14 January 2014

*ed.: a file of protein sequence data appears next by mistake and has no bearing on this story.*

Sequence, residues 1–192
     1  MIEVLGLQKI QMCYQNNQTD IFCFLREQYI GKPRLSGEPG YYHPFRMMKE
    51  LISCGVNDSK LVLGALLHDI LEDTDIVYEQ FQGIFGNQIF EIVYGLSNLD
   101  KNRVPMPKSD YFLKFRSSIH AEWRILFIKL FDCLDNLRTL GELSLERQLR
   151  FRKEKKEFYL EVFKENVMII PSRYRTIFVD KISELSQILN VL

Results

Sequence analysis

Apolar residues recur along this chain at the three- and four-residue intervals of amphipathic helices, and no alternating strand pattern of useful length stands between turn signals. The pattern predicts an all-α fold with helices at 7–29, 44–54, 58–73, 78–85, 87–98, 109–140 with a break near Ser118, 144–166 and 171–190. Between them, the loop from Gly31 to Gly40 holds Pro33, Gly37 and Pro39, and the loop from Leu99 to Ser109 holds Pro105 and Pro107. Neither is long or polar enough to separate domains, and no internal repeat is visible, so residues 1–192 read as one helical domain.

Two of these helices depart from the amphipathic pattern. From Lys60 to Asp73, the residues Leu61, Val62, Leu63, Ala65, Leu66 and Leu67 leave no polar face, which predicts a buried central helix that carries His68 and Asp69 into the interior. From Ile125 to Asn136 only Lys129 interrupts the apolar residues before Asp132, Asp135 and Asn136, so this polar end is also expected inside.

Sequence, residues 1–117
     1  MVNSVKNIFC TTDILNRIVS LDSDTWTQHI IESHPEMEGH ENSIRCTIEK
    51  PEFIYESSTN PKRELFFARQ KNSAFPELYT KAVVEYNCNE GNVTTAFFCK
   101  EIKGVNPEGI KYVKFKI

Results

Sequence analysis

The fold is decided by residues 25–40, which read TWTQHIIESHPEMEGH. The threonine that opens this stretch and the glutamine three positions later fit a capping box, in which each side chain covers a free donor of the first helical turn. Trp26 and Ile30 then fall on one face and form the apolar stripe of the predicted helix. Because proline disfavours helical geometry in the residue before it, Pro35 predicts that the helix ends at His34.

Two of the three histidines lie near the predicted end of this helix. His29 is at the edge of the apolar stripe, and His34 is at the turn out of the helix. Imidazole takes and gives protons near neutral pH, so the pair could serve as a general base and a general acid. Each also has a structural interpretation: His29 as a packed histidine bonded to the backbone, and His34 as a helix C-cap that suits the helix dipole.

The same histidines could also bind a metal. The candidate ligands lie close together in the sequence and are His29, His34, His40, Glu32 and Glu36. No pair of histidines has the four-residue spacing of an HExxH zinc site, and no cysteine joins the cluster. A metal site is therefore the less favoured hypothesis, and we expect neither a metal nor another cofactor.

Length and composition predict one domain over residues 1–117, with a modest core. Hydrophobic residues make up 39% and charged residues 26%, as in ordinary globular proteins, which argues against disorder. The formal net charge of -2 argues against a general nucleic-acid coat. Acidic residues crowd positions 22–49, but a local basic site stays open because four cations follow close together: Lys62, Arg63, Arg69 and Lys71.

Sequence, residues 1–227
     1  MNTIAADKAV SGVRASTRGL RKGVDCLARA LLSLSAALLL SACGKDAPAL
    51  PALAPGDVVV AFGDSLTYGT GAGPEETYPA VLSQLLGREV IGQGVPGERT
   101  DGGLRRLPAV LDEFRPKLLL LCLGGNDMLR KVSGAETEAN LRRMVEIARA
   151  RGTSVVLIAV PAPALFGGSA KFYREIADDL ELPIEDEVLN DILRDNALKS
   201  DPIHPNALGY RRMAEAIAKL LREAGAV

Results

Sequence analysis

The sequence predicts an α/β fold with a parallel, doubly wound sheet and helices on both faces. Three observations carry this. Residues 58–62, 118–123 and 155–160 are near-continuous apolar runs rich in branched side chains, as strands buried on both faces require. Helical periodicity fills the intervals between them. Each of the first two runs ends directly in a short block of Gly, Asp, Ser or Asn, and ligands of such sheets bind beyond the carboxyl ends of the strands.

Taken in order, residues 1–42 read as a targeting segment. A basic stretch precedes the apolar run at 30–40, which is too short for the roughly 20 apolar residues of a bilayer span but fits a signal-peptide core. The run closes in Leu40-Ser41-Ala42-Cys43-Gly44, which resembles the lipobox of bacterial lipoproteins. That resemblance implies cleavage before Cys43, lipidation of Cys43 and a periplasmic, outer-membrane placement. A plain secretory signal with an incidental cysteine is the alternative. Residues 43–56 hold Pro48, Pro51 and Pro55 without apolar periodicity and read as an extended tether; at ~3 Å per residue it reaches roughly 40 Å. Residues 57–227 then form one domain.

The growing popularity of experimentation in economics has widened the scope for economic experiments. In this paper we question the relevance of experimental methods for economic impact assessment. The major issue of impact evaluation is answering a counterfactual question. We show that the economists’ experimental toolbox can provide the appropriate method to give the right answer, especially by relying on randomized field experiments (RFEs). We contrast RFEs to other types of experiments, and discuss the limitations of experiments for evaluation purposes, by presenting 3 case studies that relied on economic experiments at the individual, local and national levels.